Under 20/Over 35 Shootout: Mileage Challenge
After a 161-mile route that started in downtown Chicago and weaved its way through the city's western suburbs, Honda's new 2012 Civic easily beat its competition with a trip computer average of 36.8 mpg. The runner-up 2011 Hyundai Elantra GLS had the highest EPA-estimated mileage ratings, but it came up short in our testing with 34.5 mpg. The 2012 Ford Focus SE earned 33.5 mpg, while the 2011 Chevrolet Cruze 1LT wasn't far behind with 33.2 mpg. The Kia Forte EX brought up the rear with 30.6 mpg.
In the fight for fuel economy, automakers have added six-speed automatics (replacing four or five-speed transmissions) in all the small cars we tested, except the Civic. If our mileage challenge results point to anything, it's that the redesigned 2012 Civic LX is at no disadvantage with "only" five gears in its automatic transmission.
Transmission gear count is one way numbers can be misleading because more does not always mean better when comparing competing models. The number of gears has the potential to help gas mileage, but many variables affect fuel economy. The 2011 Forte we tested gains a six-speed automatic transmission over the 2010's four-speed auto with increases of 1 mpg in city ratings and 2 mpg for highway ratings. It wasn't enough to trump the Civic, however.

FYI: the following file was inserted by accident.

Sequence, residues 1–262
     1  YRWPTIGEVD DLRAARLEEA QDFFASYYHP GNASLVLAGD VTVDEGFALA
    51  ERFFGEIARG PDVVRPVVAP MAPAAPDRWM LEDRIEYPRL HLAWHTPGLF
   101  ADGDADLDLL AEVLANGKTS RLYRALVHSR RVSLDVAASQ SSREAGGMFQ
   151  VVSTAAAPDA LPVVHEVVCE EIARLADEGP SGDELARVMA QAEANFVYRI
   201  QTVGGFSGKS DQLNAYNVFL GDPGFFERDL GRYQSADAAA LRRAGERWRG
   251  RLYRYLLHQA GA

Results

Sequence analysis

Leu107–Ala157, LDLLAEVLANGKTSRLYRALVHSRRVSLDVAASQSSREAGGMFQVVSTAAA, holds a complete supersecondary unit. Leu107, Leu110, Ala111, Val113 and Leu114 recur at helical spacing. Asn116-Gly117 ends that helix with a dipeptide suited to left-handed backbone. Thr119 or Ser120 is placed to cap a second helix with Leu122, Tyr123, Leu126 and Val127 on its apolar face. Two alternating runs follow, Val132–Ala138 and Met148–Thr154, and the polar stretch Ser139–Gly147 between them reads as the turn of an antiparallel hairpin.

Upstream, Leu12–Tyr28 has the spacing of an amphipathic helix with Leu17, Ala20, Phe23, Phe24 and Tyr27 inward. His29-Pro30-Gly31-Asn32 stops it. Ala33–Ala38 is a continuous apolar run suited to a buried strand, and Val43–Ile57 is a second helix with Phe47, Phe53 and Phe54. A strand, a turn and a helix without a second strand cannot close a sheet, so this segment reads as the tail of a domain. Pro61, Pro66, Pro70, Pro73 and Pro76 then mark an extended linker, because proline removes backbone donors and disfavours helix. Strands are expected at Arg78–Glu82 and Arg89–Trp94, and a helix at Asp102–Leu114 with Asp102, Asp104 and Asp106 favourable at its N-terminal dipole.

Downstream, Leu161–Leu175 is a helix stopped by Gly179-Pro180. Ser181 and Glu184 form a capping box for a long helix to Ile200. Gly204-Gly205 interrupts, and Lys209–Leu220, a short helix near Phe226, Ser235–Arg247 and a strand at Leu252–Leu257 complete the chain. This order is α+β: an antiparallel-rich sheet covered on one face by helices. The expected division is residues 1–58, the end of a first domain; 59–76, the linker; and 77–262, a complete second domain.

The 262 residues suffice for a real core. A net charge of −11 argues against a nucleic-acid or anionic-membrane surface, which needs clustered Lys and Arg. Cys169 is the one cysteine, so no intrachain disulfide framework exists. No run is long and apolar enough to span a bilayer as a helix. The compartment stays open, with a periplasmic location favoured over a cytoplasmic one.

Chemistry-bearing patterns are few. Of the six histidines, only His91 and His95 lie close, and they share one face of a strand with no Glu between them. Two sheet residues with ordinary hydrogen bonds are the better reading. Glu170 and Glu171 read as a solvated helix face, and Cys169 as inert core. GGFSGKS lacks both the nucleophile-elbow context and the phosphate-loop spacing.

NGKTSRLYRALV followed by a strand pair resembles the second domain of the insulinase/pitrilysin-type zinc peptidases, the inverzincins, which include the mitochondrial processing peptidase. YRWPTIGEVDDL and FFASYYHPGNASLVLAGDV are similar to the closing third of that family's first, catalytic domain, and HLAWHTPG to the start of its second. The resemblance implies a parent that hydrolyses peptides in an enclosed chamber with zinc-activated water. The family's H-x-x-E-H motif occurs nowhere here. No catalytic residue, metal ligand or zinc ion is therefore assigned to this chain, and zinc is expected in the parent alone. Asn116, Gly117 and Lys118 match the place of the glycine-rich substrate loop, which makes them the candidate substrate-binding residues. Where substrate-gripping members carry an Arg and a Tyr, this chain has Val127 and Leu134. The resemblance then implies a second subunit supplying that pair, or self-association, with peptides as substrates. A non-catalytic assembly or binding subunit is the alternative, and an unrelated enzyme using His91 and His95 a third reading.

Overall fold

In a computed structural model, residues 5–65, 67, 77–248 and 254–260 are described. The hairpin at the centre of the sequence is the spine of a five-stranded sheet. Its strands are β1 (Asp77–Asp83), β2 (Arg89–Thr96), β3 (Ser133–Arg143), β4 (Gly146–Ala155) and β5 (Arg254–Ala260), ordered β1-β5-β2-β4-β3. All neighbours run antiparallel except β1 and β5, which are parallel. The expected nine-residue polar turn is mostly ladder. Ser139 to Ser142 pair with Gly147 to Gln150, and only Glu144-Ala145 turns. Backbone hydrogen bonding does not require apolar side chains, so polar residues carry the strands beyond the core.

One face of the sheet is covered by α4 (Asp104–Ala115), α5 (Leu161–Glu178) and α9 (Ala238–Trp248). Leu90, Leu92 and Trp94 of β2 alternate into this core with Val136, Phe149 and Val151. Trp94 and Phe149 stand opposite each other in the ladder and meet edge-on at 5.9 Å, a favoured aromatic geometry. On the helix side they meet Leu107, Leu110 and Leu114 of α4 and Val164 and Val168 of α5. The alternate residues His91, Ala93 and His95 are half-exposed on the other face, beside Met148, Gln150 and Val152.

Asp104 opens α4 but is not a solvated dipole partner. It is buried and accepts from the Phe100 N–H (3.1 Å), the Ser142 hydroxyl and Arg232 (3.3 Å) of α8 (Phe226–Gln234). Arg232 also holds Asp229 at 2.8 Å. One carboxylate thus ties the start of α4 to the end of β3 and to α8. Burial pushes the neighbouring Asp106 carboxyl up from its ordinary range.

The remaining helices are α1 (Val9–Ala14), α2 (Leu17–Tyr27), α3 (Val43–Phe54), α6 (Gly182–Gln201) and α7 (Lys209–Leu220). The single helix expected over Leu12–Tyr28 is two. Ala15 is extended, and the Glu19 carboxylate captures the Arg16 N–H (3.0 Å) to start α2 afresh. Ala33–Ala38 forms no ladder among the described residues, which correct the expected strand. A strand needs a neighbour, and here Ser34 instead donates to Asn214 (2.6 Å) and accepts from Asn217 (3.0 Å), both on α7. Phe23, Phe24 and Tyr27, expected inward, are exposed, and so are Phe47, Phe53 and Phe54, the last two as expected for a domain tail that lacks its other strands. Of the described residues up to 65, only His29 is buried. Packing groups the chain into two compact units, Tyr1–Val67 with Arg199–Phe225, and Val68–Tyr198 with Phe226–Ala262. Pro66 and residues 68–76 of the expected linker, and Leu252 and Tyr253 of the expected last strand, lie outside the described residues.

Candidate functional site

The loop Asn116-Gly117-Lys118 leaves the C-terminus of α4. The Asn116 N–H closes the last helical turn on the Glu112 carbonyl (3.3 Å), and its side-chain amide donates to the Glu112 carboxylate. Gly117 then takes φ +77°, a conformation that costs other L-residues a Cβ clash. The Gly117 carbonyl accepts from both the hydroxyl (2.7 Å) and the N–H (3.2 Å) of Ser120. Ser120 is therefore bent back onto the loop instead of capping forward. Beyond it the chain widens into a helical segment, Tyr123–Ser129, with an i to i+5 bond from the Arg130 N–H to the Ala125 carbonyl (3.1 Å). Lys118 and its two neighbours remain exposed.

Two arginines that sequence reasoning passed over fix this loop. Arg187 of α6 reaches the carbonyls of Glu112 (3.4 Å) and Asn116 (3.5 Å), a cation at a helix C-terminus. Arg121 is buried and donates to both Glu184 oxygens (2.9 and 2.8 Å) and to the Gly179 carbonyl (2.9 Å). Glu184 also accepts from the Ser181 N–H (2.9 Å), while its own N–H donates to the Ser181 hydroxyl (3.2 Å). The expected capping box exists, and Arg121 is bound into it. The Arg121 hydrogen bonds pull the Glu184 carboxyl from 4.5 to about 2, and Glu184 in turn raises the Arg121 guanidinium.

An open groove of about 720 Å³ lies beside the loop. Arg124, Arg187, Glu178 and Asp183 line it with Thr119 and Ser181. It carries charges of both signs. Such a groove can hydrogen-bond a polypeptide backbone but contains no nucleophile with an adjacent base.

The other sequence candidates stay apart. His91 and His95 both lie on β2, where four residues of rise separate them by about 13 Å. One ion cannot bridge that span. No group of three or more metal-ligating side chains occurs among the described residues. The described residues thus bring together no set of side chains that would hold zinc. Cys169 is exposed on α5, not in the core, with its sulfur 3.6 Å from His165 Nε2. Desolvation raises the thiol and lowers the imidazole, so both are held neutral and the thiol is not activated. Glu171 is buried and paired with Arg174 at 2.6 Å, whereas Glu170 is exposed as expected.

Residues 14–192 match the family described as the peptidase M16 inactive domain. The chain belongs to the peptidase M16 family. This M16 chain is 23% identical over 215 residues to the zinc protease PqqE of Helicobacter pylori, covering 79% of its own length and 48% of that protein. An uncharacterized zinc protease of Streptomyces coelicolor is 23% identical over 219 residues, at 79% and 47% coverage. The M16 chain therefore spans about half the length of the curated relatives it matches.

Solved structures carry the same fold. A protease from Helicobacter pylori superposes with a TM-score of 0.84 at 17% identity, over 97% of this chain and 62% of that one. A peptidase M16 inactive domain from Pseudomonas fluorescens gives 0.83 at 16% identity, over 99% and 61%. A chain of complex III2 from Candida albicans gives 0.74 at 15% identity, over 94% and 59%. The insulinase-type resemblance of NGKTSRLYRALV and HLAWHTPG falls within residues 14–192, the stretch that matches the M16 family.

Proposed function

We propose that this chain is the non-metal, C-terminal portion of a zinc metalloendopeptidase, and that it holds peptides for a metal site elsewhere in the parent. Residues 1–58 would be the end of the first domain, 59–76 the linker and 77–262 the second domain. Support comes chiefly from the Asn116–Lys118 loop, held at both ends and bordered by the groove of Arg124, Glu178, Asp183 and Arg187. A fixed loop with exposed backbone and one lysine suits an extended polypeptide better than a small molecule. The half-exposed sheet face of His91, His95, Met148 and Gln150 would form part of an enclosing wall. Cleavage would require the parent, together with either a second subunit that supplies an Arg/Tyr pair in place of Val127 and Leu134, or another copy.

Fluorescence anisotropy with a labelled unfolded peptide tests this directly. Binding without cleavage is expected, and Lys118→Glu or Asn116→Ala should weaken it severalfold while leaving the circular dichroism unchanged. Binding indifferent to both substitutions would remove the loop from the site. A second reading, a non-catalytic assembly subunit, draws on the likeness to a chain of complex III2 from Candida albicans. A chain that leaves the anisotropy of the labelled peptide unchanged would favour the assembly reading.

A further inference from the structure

Route and Methodology
We started our 161-mile route leaving downtown Chicago at a snail's pace in heavy traffic. As we made our way to the western suburbs, speeds picked up to a steady 35-45 mph, and the last legs of the route had us driving on the expressway at sustained speeds of up to 75 mph.
Like our previous mileage challenges, drivers switched cars at the beginning of each leg, so all cars were subject to each driver's style. Trip mileage computers were used for results instead of gas-pump fill-up calculations because they have many variables, including individual pump calibrations that can affect results. It's worth noting our own fill-up calculations were no more than 0.4 mpg different than the trip computers on the Civic, Cruze and Focus; the Elantra and Kia had lower results with our fill-up calculations.
Cars with Eco Mode, like the Civic, had the feature turned off during the driving route.
(city/highway and combined mpg)
|Trip computer mpg|
|2012 Honda Civic LX||28/39 (32)
|2011 Hyundai Elantra GLS||29/40 (33)
|2012 Ford Focus SE||28/38 (31)||33.5|
|2011 Chevrolet Cruze 1LT||24/36 (28)||33.2|
|2011 Kia Forte EX||26/36 (29)||30.6|
The Other Guys
For the ultimate fuel-conscious commuter, higher-mileage trim levels are available on four of the models we tested. The Cruze's Eco trim features 42 mpg highway ratings for the same starting price as the 1LT we tested, though with a manual transmission; Eco models with automatics get lower fuel-economy ratings. The Focus' Super Fuel Economy Package is $495 on SE trims and bumps ratings of automatic models to 40 mpg highway. Kia's Fuel Economy Package is $600 on EX models and pushes ratings to 27/37 mpg. The Civic's high-efficiency HF trim is rated at 41 mpg highway and starts at $19,455, which costs more than the LX model we tested.